"The COOPER Vane"
Yes, you’ve heard of D.B. Cooper. Who hasn’t? Even your new Doctor/Surgeon friend has. Well, did you know they had to redesign the B727 after his famous hijack? And even named the eventual “fix” as the COOPER VANE. You see, the B727 had a unique feature. It had an inbuilt AIRSTAIRS that dropped from underneath the tail section onto the tarmac.
People would disembark from them if the airport didn’t have jetways. Or the airline just wanted to save ground handling costs. Cooper knew this and he knew that the door and the airstairs could be accessed in-flight. So that’s exactly what he did. He hijacked a B727 and asked the pilots to land somewhere warm. But at a low altitude just short of the airport, he dropped the airstairs wearing a parachute and was never seen again. Boeing’s fix was a lock on the outside that stopped this happening again.
"You can't open the door mid-flight"
You think about it every time you pass that door. Or every time you sneak up there to try to blag one last Bud light before they start the descent. We know you do. Well don’t worry, if you and your fellow travelers wrapped a rope around the door mechanism and tried to wrench it open, you would all fail.
The door design, combined with cabin pressure means that one person (or many) could not open the door even if they somehow managed to access the mechanism. Just hope they don’t screw around with the nitrogen cannister attached to the escape slide that’s built into the door. That would be bad.
"Autoland - when the aircraft lands itself"
I mean do we really need pilots anymore? (Editor: Yes, we do). But there are a lot of flights right now, as you read this, being undertaken by the aircraft systems combined with airport landing systems called the ILS (Instrument landing system). All under the supervision of the pilots of course. This is a handy feature to have if the weather is poor or when you rush into the cockpit only to find the pilots incapacitated, like in the movies.
If you did, you’d be looking hard for that Autoland button. At a point prior to reaching the runway there’s a thing called the DH (Decision height). Pilots reach this designated height and if they don’t have clear visual proof that a runway exists in their immediate future, then they must perform a go-around.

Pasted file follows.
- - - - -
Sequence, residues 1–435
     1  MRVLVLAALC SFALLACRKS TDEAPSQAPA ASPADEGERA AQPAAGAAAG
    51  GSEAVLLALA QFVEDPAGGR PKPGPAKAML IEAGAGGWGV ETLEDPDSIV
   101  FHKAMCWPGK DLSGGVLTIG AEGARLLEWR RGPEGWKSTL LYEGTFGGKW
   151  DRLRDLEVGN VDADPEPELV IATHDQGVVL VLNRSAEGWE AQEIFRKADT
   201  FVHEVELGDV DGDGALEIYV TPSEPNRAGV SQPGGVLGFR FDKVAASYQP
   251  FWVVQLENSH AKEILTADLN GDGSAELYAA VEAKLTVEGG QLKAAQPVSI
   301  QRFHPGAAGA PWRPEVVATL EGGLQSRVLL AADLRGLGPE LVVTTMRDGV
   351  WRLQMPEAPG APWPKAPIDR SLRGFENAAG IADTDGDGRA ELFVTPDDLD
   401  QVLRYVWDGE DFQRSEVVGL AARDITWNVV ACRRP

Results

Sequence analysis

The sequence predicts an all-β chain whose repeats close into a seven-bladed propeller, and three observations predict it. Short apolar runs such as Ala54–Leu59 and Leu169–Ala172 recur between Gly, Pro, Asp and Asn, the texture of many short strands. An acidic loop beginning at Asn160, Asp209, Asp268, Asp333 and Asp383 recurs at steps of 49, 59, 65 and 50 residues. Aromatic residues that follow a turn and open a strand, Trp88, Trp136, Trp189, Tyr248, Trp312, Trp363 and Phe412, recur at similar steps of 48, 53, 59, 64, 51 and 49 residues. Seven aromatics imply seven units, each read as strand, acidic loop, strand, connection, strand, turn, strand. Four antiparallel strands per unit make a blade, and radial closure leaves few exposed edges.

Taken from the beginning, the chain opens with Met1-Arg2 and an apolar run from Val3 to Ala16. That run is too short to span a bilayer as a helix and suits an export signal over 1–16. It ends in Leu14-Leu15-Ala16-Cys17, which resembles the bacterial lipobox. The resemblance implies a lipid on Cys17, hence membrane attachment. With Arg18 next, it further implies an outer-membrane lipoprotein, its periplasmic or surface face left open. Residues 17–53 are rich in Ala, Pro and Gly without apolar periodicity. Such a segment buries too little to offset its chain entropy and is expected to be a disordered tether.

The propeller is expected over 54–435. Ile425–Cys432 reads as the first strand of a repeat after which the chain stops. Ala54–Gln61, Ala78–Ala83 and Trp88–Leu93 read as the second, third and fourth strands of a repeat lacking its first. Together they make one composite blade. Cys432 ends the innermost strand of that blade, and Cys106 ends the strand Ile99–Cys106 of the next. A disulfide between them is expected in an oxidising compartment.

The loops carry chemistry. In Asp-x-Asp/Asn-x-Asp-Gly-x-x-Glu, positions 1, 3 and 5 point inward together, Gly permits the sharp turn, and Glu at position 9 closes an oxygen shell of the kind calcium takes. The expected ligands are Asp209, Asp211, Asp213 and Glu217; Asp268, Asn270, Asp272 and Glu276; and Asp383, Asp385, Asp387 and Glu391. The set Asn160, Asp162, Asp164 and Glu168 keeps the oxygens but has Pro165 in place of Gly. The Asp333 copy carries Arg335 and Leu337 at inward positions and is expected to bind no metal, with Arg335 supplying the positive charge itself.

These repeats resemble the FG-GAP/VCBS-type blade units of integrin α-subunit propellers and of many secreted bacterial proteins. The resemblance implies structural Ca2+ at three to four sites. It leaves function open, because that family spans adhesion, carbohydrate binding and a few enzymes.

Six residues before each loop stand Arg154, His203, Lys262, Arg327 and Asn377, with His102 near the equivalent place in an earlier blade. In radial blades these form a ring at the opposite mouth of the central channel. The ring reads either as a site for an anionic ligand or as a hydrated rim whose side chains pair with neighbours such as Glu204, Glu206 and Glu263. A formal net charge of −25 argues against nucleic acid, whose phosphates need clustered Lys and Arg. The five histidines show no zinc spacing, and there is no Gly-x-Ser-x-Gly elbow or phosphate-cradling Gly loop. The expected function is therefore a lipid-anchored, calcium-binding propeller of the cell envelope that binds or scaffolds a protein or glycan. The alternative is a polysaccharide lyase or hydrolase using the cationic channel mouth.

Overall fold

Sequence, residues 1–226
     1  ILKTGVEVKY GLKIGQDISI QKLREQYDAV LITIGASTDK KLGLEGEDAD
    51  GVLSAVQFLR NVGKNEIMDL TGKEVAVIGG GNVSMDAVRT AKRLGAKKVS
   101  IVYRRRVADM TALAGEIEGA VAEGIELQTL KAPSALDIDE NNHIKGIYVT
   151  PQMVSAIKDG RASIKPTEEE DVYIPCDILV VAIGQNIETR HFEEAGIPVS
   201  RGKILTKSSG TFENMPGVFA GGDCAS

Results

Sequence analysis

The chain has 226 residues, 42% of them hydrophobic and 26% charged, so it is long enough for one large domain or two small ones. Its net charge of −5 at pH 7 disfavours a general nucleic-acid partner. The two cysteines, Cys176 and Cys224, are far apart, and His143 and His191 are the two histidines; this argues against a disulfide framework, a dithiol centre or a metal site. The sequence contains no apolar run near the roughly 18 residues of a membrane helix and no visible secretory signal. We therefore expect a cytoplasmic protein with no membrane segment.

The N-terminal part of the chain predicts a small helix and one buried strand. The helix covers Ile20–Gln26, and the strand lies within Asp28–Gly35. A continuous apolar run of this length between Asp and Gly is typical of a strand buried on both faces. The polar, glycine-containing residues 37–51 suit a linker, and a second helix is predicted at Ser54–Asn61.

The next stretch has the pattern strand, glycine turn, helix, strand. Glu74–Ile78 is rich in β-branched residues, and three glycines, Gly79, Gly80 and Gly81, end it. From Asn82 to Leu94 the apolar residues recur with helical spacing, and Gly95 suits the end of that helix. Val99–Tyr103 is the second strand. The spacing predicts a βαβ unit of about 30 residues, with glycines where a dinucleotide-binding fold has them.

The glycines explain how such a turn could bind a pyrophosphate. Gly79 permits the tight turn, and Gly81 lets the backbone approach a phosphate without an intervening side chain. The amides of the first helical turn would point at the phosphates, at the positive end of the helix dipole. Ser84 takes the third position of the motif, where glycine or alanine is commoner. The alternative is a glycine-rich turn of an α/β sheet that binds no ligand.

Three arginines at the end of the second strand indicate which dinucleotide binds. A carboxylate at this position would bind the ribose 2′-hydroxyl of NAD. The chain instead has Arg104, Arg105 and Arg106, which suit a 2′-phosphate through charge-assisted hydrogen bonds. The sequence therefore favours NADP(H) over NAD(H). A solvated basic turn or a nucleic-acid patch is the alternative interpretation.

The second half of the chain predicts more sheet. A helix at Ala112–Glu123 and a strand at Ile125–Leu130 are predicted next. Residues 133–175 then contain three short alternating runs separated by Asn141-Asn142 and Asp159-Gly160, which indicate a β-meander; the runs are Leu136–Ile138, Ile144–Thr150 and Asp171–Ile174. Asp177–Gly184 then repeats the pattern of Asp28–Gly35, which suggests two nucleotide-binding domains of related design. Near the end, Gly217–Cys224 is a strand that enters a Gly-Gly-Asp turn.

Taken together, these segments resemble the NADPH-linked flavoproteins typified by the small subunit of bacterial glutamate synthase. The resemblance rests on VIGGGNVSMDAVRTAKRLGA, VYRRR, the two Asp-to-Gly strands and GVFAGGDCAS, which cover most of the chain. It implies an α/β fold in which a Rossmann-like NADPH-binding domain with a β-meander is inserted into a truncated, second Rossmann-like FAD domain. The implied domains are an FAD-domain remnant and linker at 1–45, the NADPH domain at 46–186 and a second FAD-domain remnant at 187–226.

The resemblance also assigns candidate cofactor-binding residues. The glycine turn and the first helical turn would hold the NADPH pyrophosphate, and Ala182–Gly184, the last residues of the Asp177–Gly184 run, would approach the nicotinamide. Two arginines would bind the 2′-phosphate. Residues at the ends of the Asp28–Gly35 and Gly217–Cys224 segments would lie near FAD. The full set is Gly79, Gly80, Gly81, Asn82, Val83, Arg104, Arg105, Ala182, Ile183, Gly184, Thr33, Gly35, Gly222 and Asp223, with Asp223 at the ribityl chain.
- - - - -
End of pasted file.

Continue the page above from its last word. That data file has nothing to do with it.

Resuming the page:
But the Autoland system cares not for such annoying limitations, instead relying on the dizzying array of information from its airborne devices, the Airport landing systems and GPS and ADS-B positioning to split the centerline like John Travolta does in his B707. Hopefully.
"Cabin Air is full of germs"
3 minutes. That’s how often the air changes in the cabin. All of it. And no, it’s not recycled, if that guy in 13-A says that again just slap his face and tell him to get an aeronautical degree. Air is taken from the outside, conditioned, filtered by HEPA filters down to a microbial level only matched on the international space station, cooled, and delivered to your section just above your head.
This air falls past your beautiful new friends face to the floor-vents below and is sent back out into the atmosphere. Air does not enter from the cockpit and flow down to you in row thirty-seven, so stop with that nonsense. And this is good air too, from out there at 36,000 feet. So, it was fairly good to start with.
So good luck my friendly traveler. Keep these nuggets of gold safe in your brain for the right moment. When they will be most impactful. And if it fails then don’t worry. Just tell them the one about the dead dog at Malpensa.
Or if they’re rude, tell them to make sure they don’t sit on the aircraft toilet while using their phone. Especially on a clear blue day. Absolutely nothing will happen, but you’ll scare the shit out of them, and this might also speed up the bathroom queue on my flight to Panama City Beach. Love is in the air folks.